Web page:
Raising the Roof

Once upon a time I was too poor to even dream of owning a house. Then I met my husband, and together we managed to buy one. And then we moved to California. Now we are too poor to buy a house.

My father sent an article from the Wall Street Journal (3/2/05) which identified the riskiest housing markets in the U.S. Of the ten metropolitan areas on the list, various locations in California occupy six of the slots. Where I live — San Jose-Sunnyvale-Santa Clara — has the second-highest risk index. What all does that mean, you ask?

The risk index identifies markets in which housing prices will probably decline significantly due to “continued housing price increases that are making the average home increasingly less affordable to the average buyer.”

On my daily walks I wander past houses for sale, and I pick up the fliers. When I saw the first one, I gasped. The house in the photo below started at $960,000+, and it sold for certainly more than a million. I call it “the million dollar baby.”

I mean, sure, it’s a nice enough house. But it’s no mansion. And then there’s the house around the corner that just went on the market:

Would you pay $860,000 for that house? Oh, it does have three bedrooms (probably very small) and two baths (it’s a “shotgun” house, one long building). But it’s nothing special, in my view, and it’s located on a heavily trafficked street. Then there’s a ramshackle, dilapidated house a few doors down from our house, complete with a wildly overgrown yard, that sold for around $680,000. It’s probably 1000 to 1200 square feet.

When we looked for housing, we practically cried over the prices. We are paying 30% more to occupy 40% less space than our Texas house — and this is just as renters. Despite this, renting is significantly cheaper for us at right now. Current prices being what they are, we have approached the idea of purchasing with caution. This article my father sent confirms my hunch — that prices simply cannot continue to rise, and purchasing in the next two years would be folly. We’re not even committed to staying here long-term.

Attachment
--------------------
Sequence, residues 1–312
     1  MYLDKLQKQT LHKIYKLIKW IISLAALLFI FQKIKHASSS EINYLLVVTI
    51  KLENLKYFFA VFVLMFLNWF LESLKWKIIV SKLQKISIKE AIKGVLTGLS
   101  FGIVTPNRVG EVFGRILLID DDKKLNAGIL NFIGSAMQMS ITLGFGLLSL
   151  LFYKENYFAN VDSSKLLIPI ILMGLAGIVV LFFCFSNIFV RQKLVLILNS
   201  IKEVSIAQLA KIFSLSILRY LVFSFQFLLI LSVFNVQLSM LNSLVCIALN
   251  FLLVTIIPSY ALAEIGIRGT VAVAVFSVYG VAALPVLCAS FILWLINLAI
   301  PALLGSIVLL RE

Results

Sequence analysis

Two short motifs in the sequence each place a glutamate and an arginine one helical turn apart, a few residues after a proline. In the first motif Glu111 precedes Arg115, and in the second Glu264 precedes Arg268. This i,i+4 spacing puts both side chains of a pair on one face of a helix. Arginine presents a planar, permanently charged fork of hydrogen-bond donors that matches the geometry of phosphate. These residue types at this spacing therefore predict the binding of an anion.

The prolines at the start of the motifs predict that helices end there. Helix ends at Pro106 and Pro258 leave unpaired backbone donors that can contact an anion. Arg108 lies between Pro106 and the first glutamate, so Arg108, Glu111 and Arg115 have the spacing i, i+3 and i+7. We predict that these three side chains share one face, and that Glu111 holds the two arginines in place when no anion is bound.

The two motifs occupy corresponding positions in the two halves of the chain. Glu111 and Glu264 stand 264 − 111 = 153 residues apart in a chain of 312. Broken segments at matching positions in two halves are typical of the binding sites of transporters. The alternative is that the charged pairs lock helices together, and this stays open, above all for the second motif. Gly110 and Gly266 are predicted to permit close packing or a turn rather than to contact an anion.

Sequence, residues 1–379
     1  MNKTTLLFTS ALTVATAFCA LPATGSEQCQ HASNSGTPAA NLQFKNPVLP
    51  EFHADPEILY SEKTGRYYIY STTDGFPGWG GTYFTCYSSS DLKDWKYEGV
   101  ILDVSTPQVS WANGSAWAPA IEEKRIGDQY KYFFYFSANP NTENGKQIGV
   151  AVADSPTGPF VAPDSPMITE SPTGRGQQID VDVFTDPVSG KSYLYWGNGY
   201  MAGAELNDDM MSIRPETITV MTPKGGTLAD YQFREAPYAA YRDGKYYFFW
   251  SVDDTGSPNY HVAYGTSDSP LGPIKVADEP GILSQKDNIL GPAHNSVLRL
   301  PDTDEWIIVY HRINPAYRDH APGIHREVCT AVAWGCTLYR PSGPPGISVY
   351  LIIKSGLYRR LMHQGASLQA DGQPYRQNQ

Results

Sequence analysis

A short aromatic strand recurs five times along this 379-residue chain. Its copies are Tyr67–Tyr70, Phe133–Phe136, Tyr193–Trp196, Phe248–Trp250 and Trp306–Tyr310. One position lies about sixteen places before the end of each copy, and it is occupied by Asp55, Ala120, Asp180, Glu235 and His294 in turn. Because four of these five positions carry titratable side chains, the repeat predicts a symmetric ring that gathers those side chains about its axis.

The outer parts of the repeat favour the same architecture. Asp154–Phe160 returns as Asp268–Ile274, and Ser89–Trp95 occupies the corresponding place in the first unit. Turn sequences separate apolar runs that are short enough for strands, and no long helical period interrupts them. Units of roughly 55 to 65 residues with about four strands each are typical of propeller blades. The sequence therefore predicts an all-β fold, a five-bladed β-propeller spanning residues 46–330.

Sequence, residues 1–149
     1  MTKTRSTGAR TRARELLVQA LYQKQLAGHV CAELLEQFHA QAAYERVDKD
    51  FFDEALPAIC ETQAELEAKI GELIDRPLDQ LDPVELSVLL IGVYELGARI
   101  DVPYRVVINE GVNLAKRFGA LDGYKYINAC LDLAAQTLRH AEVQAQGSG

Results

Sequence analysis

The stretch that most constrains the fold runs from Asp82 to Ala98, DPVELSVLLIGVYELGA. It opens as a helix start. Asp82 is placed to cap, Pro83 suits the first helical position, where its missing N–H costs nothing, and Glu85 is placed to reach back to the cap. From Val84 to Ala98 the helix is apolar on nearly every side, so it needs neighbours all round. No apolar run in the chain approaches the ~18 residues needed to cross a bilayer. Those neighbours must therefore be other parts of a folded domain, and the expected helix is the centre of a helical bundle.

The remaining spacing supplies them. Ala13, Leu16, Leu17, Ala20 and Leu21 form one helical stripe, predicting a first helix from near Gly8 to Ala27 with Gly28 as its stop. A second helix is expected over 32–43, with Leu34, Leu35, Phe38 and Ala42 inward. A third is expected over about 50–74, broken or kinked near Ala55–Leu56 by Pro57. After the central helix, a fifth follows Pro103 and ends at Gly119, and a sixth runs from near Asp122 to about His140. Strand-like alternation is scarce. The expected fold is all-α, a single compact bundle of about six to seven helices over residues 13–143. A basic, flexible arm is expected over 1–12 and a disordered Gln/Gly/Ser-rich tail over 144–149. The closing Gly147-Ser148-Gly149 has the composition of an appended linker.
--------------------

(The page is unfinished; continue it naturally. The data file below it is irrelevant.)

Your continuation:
Something else that the WSJ article pointed out was that San Diego has the nation’s most unaffordable housing based on annual income. To quote: “Based on a per capital income of $36,815 in the area, a 30-year mortgage on the median-priced home — valued at more than $578,000 — would consume about 90% of the average resident’s income.” There’s something wrong with a world in which this is the case.

Explore posts in the same categories: Journal, Regional

4 Comments on “Raising the Roof”

  1. katherine Turner Says:

    oh my god – that is outrageous . . . it reminds me of living in new york city where a hovel of a studio rents for $1200 a month. I guess Life is asking you guys not to Buy right now . . . but relax into the whole Renting experience right now 🙂

  2. Pat Says:

    At risk of saying the wrong thing, I wonder whether it is almost worth it to relocate elsewhere.

    Did you check out Bismark, ND? This is one of the two or three states with a population that is actually FALLING. It is really beautiful there. For the rest of ND that I have seen, no way. But for that one place– I did really find it beautiful. I have a fantasy about moving there some day. I don’t know the housing prices, but would guess they are much lower.

  3. Chad Says:

    Eh, yeah. When I lived in Oceanside thirteen years ago, I lived in a two bedroom house appraised at $1.2m. Somehow the San Diegans do it.

  4. Kathryn Says:

    Ah, Pat. Alas, we need to live where the job opportunties are, or else change careers. That’s why we relocated from TX. At this point, my husband loves what he does, it’s in the tech industry, and it’s highly specialized. So this is what we do, where we live, for now. We’ll have to work on this long-term!